GRAND DEMISE OF CIVILISATION

In a world were there are so many bands to keep track of I want to bring my two cents in presenting you to this interview with GRAND DEMISE OF CIVILISATION. Anders Ekdahl ©2019

You have one of these names that does not really tell what kind of metal you play. How hard was it to come up with the name?
-We came up with the name about 10 years ago, and we knew we wanted something different for our name. It’s so hard to come up with a name that hasn’t already been used, especially one-word names in this genre, and we wanted something that people would remember if they saw it again somewhere. At first we thought it was too long, but after a while of thinking about it, we thought it was a perfect name for what we are doing.

How do you introduce the band to people that are new to your music?
-We typically describe our music as black metal in style, but we use seven and eight string guitars to get a wider range of notes and sounds. We also have three guys in the band doing vocals with a range of tones that give us multiple different approaches to each song vocally.

We all carry baggage with us that affects us in one way or another, but what would you say has been the single greatest influence on your sound?
-Lyrically, we like to write about different things that can either be true events from history, or sometimes fantasy based ideas. Our sound is highly influenced by classical music in the sense that we like to have a big, full sound and lots of dynamics. We play a lot of chord based riffs with overlying melodies and harmonies, and then do multiple vocal styles with it, creating our sound.

What is the scene like in your area? Is it important that there is some sort of local scene for a band to develop or can a band still exist in a vacuum of no scene/no bands?
-We have some very good metal bands in our area, and some really great people that all support each other and their bands. I think with the right promotion, bands can exist without a scene, as long as their music is getting out there. We happen to be a band that does not play a lot of shows, you can over saturate your market if you play too much, people will be selective on when they come to see you and you can hurt the turn out at your shows, and for the other bands on same show as you if you play too often. You have to play in other markets and travel around if your band wants to play a lot.

Something I have often wondered about is if you feel that you are part of something bigger and greater when you play in a band, that you are part of a movement sort of?
-We just do what we like musically, some of us in this band grew up together and many years of playing together in other bands or together in the same band. When you play in a band, you have this sense of “need” to play music and create music, not just listen to it, or play your instrument by yourself at home, but to play together as a group and create the sound as a whole, and that “need” can only be satisfied or expressed by playing in a band.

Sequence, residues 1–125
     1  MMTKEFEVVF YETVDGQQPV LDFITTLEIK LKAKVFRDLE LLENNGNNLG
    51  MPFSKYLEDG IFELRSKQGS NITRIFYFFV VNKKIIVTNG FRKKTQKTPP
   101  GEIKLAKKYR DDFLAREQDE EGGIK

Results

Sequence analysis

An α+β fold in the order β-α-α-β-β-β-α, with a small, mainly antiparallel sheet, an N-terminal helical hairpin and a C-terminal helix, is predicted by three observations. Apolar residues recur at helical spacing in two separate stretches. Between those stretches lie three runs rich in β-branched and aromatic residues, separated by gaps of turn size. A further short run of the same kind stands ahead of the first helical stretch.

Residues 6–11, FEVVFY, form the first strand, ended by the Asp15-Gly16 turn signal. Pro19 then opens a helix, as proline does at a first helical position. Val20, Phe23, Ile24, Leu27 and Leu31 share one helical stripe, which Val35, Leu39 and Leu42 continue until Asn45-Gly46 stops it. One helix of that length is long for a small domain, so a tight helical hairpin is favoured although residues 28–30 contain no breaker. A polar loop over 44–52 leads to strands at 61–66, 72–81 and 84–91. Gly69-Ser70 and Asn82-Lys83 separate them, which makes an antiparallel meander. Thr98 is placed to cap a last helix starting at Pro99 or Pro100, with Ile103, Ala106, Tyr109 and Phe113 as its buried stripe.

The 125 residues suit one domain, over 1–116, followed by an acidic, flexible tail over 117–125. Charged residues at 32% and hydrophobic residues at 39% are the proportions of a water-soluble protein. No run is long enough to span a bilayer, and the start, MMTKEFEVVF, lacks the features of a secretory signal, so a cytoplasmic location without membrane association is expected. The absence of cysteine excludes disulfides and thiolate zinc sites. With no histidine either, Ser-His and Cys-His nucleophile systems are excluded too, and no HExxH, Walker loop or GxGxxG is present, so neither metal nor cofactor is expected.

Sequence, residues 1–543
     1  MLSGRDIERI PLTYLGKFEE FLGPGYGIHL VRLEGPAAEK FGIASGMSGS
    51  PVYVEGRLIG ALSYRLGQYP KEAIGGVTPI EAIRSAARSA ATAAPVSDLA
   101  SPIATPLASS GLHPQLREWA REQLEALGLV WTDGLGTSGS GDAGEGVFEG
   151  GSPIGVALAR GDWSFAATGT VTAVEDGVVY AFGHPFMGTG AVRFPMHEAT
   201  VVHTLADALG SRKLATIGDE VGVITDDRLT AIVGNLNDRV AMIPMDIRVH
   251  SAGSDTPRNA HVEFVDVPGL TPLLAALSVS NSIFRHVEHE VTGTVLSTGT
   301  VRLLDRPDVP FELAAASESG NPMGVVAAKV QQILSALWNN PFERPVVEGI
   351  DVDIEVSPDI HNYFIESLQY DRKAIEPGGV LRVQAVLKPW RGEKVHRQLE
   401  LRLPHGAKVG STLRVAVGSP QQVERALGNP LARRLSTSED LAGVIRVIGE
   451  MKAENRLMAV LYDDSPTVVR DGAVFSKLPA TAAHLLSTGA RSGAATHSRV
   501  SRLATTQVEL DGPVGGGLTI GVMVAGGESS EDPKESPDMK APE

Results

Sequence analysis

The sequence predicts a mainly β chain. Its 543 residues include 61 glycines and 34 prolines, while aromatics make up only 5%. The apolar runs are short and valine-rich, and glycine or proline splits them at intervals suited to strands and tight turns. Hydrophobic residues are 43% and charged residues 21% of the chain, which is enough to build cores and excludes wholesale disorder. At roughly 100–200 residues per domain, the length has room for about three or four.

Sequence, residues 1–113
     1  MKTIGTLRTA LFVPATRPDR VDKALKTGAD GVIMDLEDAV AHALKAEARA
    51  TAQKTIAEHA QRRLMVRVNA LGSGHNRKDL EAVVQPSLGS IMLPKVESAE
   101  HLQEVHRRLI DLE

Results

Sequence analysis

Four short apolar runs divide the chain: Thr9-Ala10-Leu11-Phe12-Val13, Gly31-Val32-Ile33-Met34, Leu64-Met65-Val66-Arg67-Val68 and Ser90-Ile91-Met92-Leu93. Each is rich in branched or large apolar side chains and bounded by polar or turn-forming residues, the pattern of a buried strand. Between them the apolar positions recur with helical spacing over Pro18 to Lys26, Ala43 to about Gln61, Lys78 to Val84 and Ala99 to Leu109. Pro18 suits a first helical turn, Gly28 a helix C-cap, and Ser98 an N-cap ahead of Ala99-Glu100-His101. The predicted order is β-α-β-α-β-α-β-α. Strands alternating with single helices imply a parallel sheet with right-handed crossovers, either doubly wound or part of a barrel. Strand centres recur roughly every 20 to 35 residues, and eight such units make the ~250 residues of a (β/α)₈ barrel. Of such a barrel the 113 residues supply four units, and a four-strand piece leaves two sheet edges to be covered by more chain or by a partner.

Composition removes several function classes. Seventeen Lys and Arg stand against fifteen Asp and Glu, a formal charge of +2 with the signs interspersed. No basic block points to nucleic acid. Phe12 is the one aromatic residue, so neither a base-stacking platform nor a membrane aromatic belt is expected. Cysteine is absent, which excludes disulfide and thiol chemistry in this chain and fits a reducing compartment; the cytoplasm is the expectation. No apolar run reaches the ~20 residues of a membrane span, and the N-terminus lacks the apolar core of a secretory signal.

When you play the sort of music you play, I guess you cannot have birds and bees on the cover of your album, what is a great album cover to you?
-I like dark themes and realism in my art. Some bands like a more illustrative art style, some like more of a comic book style, it’s all personal taste, and they’re all cool, but for me, realism has always been more attractive – whether it’s a real photo, or a painting, but that’s just my taste, there are three other guys in this band and maybe we all have different ideas of what makes a great album cover, so you never know what could wind up on one of our covers.

What is your opinion on digital verses physical? Is digital killing music?
-I personally only get my music digitally, whether i download it or use a streaming service, I don’t like to have physical copies anymore, it just takes up room and i end up putting it all on my computer anyways. I think digital music that is sold as a download is great, but streaming services can hurt a band financially, but also helps get their music to a lot of people, and that’s a big part of what bands want, they want people to hear their product and enjoy it.

What kind of live scene is there for bands like yours?
-The metal scene in the USA is not as big as it is in Europe, it is more of a niche group of people that are passionate about it. There have been some historically great bands that started aggressive metal that are from the US, but it is not particularly popular here in the states.

When you play live, is it a happening, or do you see it more as a party?
-We like to be selective on what shows we play and how often we play, so it feels more like a “happening” or special event when people come to see us; but at the same time, there are always a lot of familiar faces at the shows, whether it’s guys from other bands that we’re friends with, or people that support the local scene here and enjoy the bands.

What would you like to see the future bring?
-For us, we just want to keep writing new material and get it out there for people, get involved with a label that does good promotion and distribution. We’re not concerned about playing a lot of shows or touring, but more writing and recording to give people something to listen to that they enjoy.

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